But sometimes I wonder if I'm pretending that my uncomplaining (mostly) acceptance is resiliency when really it's just... giving up.  That's not good, right?  I don't think Uncle Winston would be very proud of me giving up.

But either way, it still doesn't change our present situation.  Hopefully Brandon will get things worked out and we can stick to our original schedule.  Or we won't.  And then we'll just make a new schedule.  Because what else can you do?

Wednesday, June 28, 2017

Starting Early

We have a lot of stuff.  I'm not quite sure how we got all of the stuff, but I imagine my Target and Amazon order histories would give a reasonably accurate picture of how all of this stuff ended up in my house.  Regardless of how it got here, however, it is a lot of stuff.  I suppose that's what happens when you couple eight people with homeschooling, a reasonable amount of disposable income, and being in a place where online shopping is a viable form of self-therapy.  There's no bad day that can't be made a little better by some retail therapy that brings a happy box of America to you.  Don't judge until you've been here.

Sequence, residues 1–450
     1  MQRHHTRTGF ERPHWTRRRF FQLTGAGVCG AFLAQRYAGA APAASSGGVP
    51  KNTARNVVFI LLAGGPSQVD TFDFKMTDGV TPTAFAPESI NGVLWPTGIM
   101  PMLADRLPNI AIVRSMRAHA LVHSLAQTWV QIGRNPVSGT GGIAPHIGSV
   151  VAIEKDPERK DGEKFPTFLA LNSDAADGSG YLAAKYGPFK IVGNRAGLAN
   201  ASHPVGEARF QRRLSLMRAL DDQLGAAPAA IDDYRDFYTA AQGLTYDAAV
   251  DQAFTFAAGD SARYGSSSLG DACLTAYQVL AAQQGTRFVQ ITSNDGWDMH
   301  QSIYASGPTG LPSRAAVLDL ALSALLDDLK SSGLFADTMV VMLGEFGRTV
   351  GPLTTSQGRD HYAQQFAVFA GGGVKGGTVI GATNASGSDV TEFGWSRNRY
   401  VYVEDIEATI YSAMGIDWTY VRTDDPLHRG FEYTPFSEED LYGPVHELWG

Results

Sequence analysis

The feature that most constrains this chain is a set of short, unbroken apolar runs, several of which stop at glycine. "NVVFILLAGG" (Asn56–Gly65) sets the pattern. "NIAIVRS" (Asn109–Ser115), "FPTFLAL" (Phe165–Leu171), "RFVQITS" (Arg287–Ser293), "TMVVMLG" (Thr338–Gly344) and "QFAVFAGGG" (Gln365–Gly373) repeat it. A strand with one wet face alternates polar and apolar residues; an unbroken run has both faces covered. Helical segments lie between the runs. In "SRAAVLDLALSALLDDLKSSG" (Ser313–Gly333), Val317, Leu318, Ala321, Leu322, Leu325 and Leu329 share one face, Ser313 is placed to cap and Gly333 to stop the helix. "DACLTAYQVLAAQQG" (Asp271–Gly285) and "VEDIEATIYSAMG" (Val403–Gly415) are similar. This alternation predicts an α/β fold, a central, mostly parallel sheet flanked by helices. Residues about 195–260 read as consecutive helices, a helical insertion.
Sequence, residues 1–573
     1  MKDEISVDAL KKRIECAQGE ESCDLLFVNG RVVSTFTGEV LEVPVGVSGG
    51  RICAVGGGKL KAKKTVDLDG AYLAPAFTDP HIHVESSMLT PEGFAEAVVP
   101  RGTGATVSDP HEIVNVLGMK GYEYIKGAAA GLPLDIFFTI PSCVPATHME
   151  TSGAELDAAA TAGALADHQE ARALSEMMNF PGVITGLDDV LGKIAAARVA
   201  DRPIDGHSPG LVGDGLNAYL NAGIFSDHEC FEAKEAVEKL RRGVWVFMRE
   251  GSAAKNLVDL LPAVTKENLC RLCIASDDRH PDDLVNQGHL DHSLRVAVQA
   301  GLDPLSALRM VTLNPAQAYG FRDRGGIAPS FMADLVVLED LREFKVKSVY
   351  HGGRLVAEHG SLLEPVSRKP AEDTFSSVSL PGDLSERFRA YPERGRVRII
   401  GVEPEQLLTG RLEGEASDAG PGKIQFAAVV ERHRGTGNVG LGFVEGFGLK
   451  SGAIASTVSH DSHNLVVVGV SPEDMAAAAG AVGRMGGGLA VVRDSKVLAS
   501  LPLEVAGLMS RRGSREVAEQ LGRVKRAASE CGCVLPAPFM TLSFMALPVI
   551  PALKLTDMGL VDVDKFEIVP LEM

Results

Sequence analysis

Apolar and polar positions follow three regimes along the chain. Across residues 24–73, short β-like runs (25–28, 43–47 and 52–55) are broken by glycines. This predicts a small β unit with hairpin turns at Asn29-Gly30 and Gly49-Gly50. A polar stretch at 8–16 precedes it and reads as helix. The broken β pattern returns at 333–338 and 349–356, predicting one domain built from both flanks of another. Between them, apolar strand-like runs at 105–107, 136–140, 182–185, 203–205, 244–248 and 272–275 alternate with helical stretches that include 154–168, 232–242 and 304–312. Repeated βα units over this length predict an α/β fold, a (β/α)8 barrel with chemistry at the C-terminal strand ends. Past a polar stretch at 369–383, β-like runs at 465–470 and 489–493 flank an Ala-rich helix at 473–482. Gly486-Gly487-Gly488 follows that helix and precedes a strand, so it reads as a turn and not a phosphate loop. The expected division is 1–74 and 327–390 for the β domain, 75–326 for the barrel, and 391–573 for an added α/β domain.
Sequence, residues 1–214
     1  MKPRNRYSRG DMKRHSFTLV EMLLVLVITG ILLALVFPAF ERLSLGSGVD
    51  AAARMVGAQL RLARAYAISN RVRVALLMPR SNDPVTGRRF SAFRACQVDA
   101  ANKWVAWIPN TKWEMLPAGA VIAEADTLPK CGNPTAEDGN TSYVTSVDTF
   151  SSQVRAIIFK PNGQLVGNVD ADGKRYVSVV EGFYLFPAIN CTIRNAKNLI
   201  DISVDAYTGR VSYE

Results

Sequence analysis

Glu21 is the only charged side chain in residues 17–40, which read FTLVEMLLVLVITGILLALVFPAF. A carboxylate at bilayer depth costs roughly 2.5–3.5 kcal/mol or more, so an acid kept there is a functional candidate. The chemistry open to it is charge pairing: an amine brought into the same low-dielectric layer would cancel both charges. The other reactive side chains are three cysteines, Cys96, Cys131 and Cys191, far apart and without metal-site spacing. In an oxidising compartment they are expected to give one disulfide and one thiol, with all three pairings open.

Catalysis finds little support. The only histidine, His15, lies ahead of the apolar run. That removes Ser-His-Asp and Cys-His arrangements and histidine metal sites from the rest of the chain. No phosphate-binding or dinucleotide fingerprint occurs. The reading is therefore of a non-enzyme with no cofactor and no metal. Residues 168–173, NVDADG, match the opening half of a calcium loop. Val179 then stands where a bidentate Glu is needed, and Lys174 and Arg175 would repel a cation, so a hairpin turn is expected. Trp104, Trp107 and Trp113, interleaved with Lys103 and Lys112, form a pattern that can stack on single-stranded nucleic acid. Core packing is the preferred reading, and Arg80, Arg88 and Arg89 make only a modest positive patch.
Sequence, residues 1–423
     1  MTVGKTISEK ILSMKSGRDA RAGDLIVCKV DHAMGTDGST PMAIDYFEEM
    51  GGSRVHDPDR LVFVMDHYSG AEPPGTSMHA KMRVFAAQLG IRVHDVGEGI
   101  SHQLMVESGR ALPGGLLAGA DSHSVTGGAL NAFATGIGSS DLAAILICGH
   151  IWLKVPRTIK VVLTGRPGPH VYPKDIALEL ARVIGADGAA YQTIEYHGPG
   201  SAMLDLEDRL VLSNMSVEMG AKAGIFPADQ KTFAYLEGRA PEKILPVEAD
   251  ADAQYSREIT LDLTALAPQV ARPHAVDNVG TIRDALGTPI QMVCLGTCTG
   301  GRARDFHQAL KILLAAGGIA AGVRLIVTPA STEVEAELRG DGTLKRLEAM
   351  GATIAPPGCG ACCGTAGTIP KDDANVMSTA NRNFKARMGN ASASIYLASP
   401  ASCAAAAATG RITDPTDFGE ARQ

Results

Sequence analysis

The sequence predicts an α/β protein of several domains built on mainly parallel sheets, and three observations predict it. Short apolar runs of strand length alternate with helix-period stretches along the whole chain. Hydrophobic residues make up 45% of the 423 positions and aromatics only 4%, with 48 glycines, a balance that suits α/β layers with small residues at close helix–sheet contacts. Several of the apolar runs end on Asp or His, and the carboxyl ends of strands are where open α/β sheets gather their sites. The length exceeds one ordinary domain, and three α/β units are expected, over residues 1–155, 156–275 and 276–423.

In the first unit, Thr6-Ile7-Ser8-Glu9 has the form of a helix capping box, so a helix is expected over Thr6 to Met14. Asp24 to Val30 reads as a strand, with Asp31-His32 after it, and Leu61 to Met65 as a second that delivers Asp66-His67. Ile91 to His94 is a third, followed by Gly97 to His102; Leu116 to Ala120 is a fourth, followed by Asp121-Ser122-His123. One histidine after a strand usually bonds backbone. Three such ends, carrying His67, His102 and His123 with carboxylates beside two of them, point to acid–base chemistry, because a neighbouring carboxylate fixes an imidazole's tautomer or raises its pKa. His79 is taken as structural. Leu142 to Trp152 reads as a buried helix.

Almost all of the time I like this stuff.  I love it when I sit down in my living room and it looks so pretty, I enjoy it when I'm cooking dinner and I have all the right tools, I appreciate it when I feed thirty-five people and everyone has real plates, silverware, and cloth napkins, I am grateful for it when the children spend hours playing with their toys instead of bothering me, and I like it when I can have a pretty dress to wear to a party.  All of these things I have accumulated help me out in some way or another.